By Kevin Muir
Let’s talk earnings for a bit. Specifically, how the 2017 tax cut affected S&P 500 earnings.
We all know the story. America’s corporate tax rate was uncompetitive and created distortions in the economy that prevented companies from investing in the U.S. The Tax Cuts and Jobs Act of 2017 was designed to level the playing field and in the process, create all sorts of high-paying jobs. The Federal corporate tax rate was slashed from 35% to 21%.
There can be no doubt the effects were immediately felt in the corporate sector.
One-year forward earnings-per-share estimates for the S&P 500 jumped from 145 to 160 almost overnight. Investors applauded Trump’s policies with gusto.
Stock market traders especially fell all over themselves with jubilation about the tax cuts. No one wanted to write any pink tickets before year-end. And even when the calendar year turned over, the wall of buying just kept coming. January turned into an absurd food fight as investors chased stocks higher and higher. Earnings had just been given a huge adrenaline shot in the arm and the rush to buy stocks overwhelmed any sense of caution.
Yet, like all good things, it eventually ended.
Over the past couple of months, stocks have been slipping. But what caused the euphoria to break?
Even though earnings estimates are still ratcheting higher, the price-to-earnings multiple has been sinking. The 1-yr forward P/E multiple was almost 19 in the days before the tax cut announcement. That same measure is now sitting below 17.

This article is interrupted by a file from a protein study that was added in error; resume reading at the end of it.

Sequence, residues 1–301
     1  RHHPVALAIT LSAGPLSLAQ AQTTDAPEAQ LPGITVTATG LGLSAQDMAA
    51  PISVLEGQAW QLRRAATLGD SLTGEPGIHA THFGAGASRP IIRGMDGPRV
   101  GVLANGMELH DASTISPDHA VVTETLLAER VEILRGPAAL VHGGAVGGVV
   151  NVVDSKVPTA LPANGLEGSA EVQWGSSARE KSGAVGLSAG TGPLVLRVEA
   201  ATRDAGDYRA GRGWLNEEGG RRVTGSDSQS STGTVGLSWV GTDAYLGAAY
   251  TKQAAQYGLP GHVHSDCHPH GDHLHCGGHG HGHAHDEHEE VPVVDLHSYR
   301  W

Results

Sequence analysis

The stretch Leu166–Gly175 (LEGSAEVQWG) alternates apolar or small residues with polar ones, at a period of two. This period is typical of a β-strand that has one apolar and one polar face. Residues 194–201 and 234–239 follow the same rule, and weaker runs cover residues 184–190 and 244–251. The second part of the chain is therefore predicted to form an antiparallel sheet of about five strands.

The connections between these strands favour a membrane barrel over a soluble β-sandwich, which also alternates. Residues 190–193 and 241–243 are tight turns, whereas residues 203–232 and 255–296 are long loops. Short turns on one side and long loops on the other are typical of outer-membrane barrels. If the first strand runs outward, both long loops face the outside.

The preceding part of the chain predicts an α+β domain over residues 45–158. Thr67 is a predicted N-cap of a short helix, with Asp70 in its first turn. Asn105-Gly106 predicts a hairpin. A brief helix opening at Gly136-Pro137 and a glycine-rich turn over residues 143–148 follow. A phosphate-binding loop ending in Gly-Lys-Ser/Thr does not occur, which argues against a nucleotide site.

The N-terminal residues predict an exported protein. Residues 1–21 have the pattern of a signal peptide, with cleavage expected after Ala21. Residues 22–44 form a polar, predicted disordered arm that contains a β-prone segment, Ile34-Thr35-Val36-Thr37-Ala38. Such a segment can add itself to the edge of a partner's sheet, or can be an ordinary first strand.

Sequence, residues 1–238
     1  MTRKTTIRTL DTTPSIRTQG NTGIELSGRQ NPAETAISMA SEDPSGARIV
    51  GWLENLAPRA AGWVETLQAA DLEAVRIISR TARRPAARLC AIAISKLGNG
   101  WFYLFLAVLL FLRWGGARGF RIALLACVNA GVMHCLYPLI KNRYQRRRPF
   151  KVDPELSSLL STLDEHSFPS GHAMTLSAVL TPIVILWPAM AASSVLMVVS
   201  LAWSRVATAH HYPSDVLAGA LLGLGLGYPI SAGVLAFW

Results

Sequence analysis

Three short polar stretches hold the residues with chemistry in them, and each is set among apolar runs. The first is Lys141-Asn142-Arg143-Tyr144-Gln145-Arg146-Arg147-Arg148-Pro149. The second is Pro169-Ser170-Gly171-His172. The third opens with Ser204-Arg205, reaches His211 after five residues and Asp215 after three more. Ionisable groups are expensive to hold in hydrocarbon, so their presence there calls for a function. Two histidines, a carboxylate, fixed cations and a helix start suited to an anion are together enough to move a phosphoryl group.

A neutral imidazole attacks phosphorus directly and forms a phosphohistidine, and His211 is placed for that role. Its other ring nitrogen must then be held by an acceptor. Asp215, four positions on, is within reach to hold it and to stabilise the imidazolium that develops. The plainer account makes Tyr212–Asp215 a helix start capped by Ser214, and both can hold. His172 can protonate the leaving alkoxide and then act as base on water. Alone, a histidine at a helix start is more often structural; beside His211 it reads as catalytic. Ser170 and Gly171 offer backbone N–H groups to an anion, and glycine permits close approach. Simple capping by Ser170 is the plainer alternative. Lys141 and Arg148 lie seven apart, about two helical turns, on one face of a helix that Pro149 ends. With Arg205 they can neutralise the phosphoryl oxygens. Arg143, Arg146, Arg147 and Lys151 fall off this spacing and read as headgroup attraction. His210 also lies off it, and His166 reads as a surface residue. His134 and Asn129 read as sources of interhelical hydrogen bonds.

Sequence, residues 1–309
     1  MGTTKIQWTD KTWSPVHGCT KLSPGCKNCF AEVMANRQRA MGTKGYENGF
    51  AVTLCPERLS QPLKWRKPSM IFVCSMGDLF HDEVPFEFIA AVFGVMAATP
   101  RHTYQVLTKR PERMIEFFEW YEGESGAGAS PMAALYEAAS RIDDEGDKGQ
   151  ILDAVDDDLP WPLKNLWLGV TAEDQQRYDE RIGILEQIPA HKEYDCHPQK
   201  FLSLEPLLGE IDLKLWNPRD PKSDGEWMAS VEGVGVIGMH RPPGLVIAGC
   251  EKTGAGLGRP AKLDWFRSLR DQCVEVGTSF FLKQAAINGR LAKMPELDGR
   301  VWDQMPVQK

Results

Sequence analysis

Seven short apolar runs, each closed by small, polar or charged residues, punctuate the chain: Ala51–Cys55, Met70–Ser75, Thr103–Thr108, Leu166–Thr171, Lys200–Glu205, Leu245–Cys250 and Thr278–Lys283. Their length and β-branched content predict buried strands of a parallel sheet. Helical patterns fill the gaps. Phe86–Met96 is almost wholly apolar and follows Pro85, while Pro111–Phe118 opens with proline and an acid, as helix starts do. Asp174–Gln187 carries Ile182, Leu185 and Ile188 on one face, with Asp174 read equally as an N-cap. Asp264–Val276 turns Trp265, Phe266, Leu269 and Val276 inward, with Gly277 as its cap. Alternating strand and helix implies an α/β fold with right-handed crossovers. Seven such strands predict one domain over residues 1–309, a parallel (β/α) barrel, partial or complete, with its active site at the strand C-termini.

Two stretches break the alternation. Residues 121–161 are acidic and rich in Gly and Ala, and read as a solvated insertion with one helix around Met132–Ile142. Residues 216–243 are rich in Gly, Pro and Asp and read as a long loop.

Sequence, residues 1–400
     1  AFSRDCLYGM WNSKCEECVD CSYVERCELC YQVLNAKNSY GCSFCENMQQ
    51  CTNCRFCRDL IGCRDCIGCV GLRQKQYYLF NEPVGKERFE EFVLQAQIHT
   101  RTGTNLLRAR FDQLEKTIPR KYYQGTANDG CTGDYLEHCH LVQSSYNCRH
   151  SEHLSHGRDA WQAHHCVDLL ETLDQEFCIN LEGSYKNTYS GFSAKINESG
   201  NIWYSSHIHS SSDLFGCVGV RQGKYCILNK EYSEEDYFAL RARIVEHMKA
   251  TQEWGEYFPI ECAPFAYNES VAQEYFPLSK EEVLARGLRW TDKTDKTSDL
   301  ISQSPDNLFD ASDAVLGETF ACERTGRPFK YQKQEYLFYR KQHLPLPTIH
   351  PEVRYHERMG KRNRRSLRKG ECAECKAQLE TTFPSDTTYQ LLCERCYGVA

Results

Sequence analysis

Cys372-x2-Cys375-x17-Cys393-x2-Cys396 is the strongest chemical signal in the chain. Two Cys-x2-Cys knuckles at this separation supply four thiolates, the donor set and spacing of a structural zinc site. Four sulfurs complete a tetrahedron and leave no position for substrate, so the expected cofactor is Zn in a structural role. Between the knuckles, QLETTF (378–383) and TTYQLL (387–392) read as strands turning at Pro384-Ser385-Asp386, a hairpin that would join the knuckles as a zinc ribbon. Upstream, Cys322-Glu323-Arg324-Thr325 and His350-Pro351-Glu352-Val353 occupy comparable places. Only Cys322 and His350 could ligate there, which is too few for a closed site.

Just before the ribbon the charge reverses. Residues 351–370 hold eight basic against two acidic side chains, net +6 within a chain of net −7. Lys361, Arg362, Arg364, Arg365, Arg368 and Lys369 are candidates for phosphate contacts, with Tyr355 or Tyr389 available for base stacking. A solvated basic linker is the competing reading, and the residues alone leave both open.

Investors are now taking sober second-looks and re-examining the appropriate multiple to pay for post tax-cut earnings. We are now almost 9 years into this economic expansion. This cycle is getting long in the tooth. It’s probably not the time to forecast aggressive future growth and pay peak multiples for stocks.
The economic bulls will claim the tax cuts will keep this economic upswing fueled for a while yet. And maybe they are right. Who knows? Yet, I think they might be making a mistake about the tax cut effects.
There can be no denying that the tax cuts will unleash a lot of extra capital. Yet we need to ask ourselves what will happen to that money. There are three main possibilities.
The first, and most beneficial for the economy – companies invest that capital back into their business through CAPEX spending. This would be the best case scenario. The result would be more productive companies, increased jobs, and a stronger economy. Yet ever since the Great Financial Crisis, interest rates have been hovering near zero. For many businesses capital has been almost free. Why would the tax cuts suddenly cause them to invest in the CAPEX they have delayed for so long? Now don’t mistake this as a forecast that there will be zero pickup in CAPEX spending. Of course some of the tax cut will go into CAPEX spending, but not nearly as much as the economic bulls would have you believe.
The second option is that companies share the tax windfall with their employees. Although there were some announcements from companies announcing bonuses or wage increases, a lot of these were PR promotions. According to Paul Tudor Jones’ organization Just Capital, most of these announcements were one-time bonuses.
“Just Capital has analyzed 120 of these companies, whose savings account for about one-third of the total, and found that only about 6% of the windfall was going toward wages that weren’t one-time bonuses.”